Compassion campaigns for honest food labelling

08 February 2016

Fattening Pigs In Barren Dirty System

The Times recently ran a story (Saturday, 6th Feb) raising awareness of confusing meat and dairy product labels.

Consumer confusion

The majority of consumers want to know where their food has come from and have the ability to choose to purchase products that ensure higher welfare for farm animals.

Unfortunately, current EU legislation means that labelling on meat and dairy products can often be extremely confusing and doesn’t always provide customers with the information they want.

Ffinlo Costain, Labelling Matters’ European Project Manager, said: “If animals are reared intensively indoors, labels should not display photos or pictures of rolling landscape, cosy family farms, or cartoons of happy animals.

“Words like 'natural', 'farm fresh', 'family farm', 'country fresh', are all meaningless in terms of farm animal welfare standards. Not to mention, incredibly confusing.

Buying power

Method of production labelling is already compulsory on shell eggs throughout the EU, so customers can easily see the system used to produce them - whether it be caged, barn, free range, or organic.

When consumers know which farm system has been used to produce their eggs, many opt for higher welfare. In turn, this has increased demand for higher welfare eggs, helping to drive welfare improvements for millions of egg-laying hens.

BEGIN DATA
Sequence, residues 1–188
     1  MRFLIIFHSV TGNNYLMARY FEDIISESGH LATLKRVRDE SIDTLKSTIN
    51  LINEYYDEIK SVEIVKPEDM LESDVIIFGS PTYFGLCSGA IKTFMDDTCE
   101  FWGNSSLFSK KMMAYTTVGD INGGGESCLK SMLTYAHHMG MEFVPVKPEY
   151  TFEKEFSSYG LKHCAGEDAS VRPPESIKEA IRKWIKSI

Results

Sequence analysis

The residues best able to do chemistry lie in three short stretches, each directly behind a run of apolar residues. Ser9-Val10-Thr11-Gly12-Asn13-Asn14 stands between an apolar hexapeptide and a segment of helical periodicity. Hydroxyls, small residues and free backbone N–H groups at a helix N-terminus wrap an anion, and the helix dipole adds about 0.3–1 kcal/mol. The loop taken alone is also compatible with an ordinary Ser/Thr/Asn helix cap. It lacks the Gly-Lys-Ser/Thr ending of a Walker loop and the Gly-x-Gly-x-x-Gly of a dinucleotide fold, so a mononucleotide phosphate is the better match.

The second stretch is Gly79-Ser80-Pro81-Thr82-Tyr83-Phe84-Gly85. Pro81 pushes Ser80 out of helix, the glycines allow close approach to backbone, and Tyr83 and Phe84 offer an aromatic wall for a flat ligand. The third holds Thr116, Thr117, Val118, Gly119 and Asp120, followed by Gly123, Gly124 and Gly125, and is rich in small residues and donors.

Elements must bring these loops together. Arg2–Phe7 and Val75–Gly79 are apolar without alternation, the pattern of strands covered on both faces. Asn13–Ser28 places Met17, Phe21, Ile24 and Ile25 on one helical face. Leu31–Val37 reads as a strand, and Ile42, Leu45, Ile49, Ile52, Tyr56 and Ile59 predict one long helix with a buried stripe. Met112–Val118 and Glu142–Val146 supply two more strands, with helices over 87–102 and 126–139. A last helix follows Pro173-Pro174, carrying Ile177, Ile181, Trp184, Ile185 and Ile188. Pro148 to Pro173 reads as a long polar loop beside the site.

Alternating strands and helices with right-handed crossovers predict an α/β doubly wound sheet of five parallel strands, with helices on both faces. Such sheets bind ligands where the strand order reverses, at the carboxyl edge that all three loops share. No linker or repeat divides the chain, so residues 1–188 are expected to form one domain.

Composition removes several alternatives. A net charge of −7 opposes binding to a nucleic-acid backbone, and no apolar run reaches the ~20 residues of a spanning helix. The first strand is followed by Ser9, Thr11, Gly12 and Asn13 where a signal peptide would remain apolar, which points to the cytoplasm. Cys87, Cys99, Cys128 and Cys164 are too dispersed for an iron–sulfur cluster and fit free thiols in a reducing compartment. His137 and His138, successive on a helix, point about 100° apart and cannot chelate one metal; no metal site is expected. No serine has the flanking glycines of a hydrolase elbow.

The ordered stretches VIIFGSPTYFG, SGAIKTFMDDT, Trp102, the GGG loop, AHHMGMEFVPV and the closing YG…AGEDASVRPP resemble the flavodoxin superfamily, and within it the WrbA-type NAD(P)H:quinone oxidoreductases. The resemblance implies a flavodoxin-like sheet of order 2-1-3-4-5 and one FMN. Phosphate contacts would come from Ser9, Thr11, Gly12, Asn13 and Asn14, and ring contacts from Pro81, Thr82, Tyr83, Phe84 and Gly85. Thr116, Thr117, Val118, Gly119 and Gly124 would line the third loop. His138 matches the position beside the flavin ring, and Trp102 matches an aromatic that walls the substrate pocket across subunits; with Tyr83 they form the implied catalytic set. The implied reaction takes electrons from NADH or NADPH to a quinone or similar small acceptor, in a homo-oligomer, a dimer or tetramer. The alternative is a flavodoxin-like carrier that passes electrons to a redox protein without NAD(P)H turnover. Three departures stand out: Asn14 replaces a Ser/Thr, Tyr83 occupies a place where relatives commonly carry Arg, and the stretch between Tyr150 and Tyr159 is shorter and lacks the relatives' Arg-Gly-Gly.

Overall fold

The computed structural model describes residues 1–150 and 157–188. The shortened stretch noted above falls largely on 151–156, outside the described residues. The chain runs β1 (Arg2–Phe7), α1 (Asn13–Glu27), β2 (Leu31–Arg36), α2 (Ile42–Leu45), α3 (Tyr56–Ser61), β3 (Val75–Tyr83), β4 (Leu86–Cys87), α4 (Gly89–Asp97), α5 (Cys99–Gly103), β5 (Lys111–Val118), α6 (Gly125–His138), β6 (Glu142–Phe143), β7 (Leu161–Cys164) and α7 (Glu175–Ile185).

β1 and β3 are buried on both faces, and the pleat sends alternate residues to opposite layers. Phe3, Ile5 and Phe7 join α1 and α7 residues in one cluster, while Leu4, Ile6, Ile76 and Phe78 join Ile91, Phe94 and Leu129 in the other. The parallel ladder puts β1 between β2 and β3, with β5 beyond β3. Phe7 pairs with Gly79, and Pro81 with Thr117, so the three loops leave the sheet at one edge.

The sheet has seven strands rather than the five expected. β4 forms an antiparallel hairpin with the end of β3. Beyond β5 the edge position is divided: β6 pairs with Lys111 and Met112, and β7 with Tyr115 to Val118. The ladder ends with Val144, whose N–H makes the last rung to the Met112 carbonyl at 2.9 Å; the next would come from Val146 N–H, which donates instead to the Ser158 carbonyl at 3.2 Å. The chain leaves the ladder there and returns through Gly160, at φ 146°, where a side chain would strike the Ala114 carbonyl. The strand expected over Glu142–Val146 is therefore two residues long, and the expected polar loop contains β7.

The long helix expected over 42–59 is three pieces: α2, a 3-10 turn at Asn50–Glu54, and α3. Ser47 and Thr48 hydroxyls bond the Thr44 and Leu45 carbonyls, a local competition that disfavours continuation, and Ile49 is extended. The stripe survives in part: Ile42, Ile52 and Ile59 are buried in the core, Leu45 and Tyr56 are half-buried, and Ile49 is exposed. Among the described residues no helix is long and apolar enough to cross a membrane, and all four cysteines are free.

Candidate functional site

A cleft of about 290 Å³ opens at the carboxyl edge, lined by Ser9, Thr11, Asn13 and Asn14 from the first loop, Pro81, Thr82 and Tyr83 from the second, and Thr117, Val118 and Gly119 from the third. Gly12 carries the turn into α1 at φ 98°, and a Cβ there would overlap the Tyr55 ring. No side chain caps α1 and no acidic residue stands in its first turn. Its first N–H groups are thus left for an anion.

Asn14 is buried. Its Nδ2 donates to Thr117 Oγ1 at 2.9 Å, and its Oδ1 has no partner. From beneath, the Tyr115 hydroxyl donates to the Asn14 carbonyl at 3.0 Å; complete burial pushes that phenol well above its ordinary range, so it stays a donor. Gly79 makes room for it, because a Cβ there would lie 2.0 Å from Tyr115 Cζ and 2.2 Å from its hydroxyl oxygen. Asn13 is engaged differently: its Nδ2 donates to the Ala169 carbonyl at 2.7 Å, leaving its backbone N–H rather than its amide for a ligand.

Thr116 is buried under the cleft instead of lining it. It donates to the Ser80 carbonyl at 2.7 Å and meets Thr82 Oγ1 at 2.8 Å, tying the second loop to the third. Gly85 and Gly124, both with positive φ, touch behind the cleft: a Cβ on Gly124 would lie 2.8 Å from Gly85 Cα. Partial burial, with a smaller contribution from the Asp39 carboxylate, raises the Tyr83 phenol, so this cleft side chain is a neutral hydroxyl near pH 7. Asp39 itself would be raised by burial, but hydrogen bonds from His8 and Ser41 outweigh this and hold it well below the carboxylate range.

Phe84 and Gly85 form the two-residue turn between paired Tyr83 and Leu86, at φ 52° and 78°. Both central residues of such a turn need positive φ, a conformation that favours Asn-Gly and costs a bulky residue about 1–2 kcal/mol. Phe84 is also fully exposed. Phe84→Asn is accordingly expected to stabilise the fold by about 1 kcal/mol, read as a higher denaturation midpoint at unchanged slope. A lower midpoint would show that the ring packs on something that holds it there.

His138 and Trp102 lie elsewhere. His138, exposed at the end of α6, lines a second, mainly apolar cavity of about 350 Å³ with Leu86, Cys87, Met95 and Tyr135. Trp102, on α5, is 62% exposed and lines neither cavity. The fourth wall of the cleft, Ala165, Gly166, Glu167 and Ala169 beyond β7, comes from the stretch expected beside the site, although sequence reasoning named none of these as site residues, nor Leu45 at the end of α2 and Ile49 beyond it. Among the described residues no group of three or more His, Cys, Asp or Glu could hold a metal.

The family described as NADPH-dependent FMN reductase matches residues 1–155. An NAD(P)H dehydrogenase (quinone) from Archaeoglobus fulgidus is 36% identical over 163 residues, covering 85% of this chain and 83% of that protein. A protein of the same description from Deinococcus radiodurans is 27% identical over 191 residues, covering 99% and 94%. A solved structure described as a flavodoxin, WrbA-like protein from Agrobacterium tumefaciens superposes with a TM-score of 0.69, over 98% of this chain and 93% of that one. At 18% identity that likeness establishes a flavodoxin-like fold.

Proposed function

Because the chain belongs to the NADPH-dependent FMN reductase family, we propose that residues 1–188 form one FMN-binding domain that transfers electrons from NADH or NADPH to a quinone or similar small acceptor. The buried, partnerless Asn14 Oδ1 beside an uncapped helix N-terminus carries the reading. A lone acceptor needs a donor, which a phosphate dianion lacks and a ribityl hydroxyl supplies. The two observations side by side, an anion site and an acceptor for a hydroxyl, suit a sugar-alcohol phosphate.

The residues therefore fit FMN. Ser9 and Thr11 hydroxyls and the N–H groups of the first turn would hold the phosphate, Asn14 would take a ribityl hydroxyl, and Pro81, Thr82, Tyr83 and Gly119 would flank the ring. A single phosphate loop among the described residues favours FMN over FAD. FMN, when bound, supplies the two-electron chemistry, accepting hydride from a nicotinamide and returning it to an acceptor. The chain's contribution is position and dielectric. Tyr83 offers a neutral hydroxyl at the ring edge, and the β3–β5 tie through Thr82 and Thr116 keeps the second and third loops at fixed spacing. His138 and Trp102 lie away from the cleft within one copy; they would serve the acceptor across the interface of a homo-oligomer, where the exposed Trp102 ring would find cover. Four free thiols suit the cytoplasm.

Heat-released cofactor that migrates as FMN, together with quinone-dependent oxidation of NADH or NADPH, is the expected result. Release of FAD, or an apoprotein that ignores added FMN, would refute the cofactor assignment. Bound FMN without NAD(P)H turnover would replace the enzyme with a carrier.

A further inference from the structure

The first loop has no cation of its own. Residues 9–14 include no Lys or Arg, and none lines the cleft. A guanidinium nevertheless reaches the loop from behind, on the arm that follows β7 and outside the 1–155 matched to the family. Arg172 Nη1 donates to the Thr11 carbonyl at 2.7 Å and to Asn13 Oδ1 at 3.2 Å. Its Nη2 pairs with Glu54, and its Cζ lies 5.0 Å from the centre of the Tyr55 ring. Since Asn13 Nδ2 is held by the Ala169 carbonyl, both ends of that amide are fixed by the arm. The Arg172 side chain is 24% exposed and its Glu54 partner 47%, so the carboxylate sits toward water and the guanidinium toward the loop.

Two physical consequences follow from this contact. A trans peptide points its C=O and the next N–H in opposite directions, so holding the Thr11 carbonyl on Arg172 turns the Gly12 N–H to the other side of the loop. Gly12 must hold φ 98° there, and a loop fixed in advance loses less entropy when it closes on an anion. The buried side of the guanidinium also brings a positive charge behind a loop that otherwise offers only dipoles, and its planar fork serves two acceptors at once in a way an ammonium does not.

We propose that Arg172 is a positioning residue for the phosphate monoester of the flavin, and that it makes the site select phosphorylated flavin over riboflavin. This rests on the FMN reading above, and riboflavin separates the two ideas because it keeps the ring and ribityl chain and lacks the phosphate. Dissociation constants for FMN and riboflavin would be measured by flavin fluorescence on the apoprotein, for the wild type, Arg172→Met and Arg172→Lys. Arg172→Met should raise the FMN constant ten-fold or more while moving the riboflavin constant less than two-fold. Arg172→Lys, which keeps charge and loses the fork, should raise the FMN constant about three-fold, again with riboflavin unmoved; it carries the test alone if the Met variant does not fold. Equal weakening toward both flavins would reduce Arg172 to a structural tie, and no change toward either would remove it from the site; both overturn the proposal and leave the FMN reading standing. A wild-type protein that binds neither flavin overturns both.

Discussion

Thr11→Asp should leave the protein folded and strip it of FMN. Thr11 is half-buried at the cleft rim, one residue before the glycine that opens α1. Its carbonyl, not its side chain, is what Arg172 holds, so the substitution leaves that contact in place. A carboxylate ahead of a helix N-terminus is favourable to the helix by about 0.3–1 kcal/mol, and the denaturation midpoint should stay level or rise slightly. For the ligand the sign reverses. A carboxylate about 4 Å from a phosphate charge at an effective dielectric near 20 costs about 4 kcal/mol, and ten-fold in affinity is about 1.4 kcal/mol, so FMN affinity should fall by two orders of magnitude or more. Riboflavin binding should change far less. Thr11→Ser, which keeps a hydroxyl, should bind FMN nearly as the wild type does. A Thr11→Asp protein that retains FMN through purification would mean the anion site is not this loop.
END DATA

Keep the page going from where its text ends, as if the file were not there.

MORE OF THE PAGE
The lives of all other farm animals throughout the EU could also be improved if mandatory labelling, providing transparent information to consumers, were to be introduced.

We believe that all meat and dairy products should be labelled by method of production, to show the conditions in which each animal was reared.

Mandatory, rather than voluntary, labelling is essential to ensure that not only products farmed to good standards of animal welfare are marked accordingly, but that products from intensively reared animals indicate this too.

Ffinlo continued: “Words and pictures on labels should accurately represent the farm system that animals have been reared in - not the farm location.

“If labels are confusing it undermines the market for higher welfare products, and impacts badly on farmers working to higher standards.”

Labelling matters

We are working across the EU as part of the Labelling Matters partnership, with the RSPCA, Eurogroup for Animals, and the Soil Association, to campaign for full and honest food labelling.

More than 80% of the animals raised in the EU each year are factory farmed. These inhumane farming practices are hidden behind closed doors, out of public view. But we can change this and allow consumers clarity when opting for foods that are better for animal welfare.

Ffinlo added: “We urge consumers to look for free range or organic labels - or products that describe a higher welfare indoor system, and are backed by an independent assurance mark, such as RSPCA Assured.

“Pork products labelled, 'outdoor bred', 'outdoor reared', 'free range', or 'organic', all demonstrate better welfare than the bog standard intensive indoor system.”

Find out more about choosing higher welfare meat, eggs and dairy products by downloading our free Compassionate Food Guide


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